Author: Will Boggs MD
JAMA Pediatr Dec 28 2018.
Intranasal ketamine is noninferior to intranasal fentanyl at relieving pain in children with acute extremity injuries, a new study found.
“We were happy to discover similar results to the two other prior pediatric trials and pleasantly surprised to see how similar the rates of rescue analgesia were to those studies,” Dr. Theresa M. Frey of Cincinnati Children’s Hospital Medical Center told Reuters Health by email.
Opioids are commonly used to treat children presenting with severe pain due to traumatic injuries, but concerns regarding adverse effects and the ongoing opioid epidemic have led clinicians to seek non-opioid alternatives, such as ketamine.
Dr. Frey and colleagues in the PRIME randomized noninferiority study compared intranasal ketamine (1.5 mg/kg) to intranasal fentanyl (2 ug/kg) for pain reduction in children with acute extremity injuries.
The 43 children randomized to ketamine and 42 children randomized to fentanyl experienced similar significant pain reduction at 15, 30 and 60 minutes, and ketamine was noninferior to fentanyl regarding the primary outcome of pain reduction 30 minutes after study medication administration.
Highest achieved sedation scores did not differ significantly between the groups, and neither group experienced a University of Michigan Sedation Scale score higher than 2, the researchers report in JAMA Pediatrics, online December 28.
More children in the ketamine group (77%) than in the fentanyl group (31%) experienced at least one adverse event, but all such events were minor and transient.
“I would like to highlight that we did not find significantly more adverse events despite higher doses of both medications, and the only significant difference in adverse events between groups was at the 15-minute assessment during which ketamine patients experienced more drowsiness,” Dr. Frey said. “I would argue that a parent may welcome this drowsiness after observing their child suffering from such significant pain prior to medication.”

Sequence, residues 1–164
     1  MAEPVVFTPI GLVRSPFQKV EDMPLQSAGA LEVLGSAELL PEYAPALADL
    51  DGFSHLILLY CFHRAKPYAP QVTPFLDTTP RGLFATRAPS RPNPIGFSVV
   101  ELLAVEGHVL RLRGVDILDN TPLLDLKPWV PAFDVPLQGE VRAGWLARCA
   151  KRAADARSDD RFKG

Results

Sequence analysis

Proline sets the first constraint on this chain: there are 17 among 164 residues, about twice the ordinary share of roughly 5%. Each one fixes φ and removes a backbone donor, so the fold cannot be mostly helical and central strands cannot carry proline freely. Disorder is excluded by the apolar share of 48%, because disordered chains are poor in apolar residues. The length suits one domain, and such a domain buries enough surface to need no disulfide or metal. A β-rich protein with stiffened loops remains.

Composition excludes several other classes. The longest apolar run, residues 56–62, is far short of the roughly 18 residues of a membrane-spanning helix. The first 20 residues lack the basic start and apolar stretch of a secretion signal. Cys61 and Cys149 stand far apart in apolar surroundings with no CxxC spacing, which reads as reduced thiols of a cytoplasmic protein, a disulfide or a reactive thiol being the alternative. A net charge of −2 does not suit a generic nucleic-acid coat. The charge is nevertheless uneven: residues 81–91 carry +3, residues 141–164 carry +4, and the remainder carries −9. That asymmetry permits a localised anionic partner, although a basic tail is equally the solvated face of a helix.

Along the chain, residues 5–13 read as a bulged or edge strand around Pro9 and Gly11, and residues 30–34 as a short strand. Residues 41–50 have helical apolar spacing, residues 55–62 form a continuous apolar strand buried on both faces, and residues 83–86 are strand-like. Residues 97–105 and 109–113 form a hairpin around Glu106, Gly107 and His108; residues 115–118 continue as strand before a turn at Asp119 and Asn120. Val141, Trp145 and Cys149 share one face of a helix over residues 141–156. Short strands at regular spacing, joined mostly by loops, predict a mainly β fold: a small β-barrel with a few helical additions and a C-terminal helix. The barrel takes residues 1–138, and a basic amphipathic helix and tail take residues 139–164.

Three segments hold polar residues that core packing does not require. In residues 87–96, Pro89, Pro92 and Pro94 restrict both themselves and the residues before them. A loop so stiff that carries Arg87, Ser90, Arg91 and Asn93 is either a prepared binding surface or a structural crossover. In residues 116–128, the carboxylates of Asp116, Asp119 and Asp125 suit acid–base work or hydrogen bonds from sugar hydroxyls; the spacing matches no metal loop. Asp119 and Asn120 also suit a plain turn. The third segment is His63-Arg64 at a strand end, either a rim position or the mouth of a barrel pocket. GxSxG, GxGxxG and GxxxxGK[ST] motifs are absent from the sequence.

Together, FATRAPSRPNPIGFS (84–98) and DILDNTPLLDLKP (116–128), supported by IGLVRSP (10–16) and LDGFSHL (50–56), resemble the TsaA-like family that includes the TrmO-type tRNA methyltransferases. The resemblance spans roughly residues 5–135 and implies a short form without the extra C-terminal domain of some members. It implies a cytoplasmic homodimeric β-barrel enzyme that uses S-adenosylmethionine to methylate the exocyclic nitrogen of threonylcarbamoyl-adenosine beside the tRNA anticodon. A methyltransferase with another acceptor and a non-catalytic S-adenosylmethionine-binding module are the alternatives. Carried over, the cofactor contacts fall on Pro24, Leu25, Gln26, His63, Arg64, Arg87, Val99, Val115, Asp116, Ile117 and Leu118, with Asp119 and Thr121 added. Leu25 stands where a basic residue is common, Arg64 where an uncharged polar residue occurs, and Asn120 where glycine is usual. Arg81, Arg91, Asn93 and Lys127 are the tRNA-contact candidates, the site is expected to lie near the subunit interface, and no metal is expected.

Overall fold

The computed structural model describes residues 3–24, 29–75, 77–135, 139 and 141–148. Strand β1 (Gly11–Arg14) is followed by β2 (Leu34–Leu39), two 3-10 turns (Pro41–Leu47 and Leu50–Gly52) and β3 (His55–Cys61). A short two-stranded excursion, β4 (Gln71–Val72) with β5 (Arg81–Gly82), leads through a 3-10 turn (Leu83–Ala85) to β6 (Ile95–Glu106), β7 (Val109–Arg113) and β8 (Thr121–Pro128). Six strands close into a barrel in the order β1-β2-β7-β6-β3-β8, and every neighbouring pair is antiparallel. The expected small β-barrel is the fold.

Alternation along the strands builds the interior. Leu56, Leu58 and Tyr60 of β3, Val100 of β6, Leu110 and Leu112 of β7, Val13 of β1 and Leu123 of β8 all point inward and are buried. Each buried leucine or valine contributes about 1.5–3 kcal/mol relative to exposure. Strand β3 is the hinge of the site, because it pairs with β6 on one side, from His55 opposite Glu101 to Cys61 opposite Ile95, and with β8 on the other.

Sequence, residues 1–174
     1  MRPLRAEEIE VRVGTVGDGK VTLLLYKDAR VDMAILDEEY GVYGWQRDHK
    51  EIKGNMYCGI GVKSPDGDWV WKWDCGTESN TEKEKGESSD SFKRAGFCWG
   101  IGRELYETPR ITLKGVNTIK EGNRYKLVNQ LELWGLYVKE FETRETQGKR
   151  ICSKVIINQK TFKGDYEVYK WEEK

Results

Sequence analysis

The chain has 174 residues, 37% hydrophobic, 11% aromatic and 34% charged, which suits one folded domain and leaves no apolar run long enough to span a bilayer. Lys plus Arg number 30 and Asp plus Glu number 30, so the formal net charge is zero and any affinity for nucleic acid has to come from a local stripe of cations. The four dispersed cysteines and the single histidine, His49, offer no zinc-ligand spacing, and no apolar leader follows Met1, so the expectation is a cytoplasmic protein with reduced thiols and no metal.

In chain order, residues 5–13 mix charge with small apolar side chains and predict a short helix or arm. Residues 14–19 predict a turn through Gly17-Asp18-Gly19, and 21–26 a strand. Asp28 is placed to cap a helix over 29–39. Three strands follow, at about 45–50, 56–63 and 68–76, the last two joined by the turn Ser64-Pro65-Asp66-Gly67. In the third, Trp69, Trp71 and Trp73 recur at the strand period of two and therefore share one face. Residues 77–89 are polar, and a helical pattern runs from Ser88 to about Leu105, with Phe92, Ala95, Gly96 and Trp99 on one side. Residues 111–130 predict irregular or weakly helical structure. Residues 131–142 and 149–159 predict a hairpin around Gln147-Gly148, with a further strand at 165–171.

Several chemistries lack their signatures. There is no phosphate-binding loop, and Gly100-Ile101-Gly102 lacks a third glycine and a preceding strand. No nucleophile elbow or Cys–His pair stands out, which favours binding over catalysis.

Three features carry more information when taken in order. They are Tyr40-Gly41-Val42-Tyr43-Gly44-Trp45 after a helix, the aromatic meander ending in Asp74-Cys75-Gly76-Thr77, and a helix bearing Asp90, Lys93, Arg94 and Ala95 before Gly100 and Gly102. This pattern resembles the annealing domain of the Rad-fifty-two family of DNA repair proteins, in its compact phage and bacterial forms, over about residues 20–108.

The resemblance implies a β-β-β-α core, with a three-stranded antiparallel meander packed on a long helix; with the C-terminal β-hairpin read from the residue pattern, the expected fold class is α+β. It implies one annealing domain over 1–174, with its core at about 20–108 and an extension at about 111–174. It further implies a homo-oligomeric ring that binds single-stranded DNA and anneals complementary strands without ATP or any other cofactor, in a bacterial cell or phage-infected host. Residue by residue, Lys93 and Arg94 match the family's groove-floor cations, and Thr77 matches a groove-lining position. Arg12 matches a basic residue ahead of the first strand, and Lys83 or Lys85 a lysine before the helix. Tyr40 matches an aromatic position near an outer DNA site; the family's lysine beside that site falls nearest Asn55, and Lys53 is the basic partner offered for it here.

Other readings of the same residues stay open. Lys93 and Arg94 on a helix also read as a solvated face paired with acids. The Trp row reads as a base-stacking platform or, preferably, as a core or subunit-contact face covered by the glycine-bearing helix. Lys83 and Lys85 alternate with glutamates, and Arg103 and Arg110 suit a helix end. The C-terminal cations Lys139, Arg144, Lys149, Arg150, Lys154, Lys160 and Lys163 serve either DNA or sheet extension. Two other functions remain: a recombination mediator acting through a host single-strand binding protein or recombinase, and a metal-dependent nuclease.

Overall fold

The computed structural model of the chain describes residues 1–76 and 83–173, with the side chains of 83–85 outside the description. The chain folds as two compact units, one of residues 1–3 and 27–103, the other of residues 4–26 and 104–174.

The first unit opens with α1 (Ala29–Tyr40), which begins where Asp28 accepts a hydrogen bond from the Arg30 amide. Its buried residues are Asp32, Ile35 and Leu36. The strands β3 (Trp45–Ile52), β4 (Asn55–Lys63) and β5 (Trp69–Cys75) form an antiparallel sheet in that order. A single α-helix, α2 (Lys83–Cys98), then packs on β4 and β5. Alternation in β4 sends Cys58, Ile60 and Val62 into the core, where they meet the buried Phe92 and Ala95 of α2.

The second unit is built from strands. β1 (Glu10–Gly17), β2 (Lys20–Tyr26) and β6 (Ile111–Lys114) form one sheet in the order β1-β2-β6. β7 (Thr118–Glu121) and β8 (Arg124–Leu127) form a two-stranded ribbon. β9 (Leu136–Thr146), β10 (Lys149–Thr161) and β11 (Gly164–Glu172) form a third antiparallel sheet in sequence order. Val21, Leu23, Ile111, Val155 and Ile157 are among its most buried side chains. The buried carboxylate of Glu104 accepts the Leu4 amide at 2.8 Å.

The need for rescue analgesia at 15, 30 and 60 minutes did not differ significantly between the groups.
“We know opioids can lead to a decrease in blood pressure, so for patients presenting in shock or impending shock due to infection, hemorrhage, etc., clinicians may not give any analgesia and their patients are left in pain,” Dr. Frey said. “My hope is that physicians at least consider ketamine, especially for these types of patients.”
“Additionally,” she said, “I hope that physicians consider ketamine for pain in the emergency setting if they are anticipating that their patients will need ketamine procedural sedation during their ED stay, as we know there is increased risk when opioids are administered prior to the sedation.”
Dr. Sergey M. Motov from Maimonides Medical Center, in Brooklyn, New York, who recently found intranasal ketamine (1 mg/kg) to be inferior to intranasal fentanyl (1.5 ug/kg) in children with moderate to severe pain, told Reuters Health by email, “In the situations when opioids are contraindicated or may worsen patients’ condition, low-dose ketamine administered intravenously or intranasally is a viable and effective analgesic alternative for short-term analgesia in the ED. However, ketamine use is associated with high rates of minor and transient but bothersome adverse effects.”
“Patient coaching prior to administration of low-dose ketamine with respect to development of psycho-perceptual adverse effects (mainly feelings of unreality) will greatly improve patients’ experience with this medication,” said Dr. Motov, who was not involved in the new work.
Dr. Marcus Nemeth of the University Hospital Goettingen in Germany recently reported that intranasal fentanyl, ketamine, midazolam, or combinations thereof provided effective analgesia in pediatric emergency care. He told Reuters Health by email, “Ketamine as a widely available analgesic can be used effectively and equivalently with respect to pain reduction, when opioids are not readily available or contraindicated. Physicians should take ketamine as a good treatment option for moderate to severe traumatic pain into account.”
Dr. Nemeth, who also was not involved in the study, added, “I would favor fentanyl/sufentanil for a child that ‘only’ needs analgesia, i.e., a child which is non-agitated with no need for any desired sedating effect.”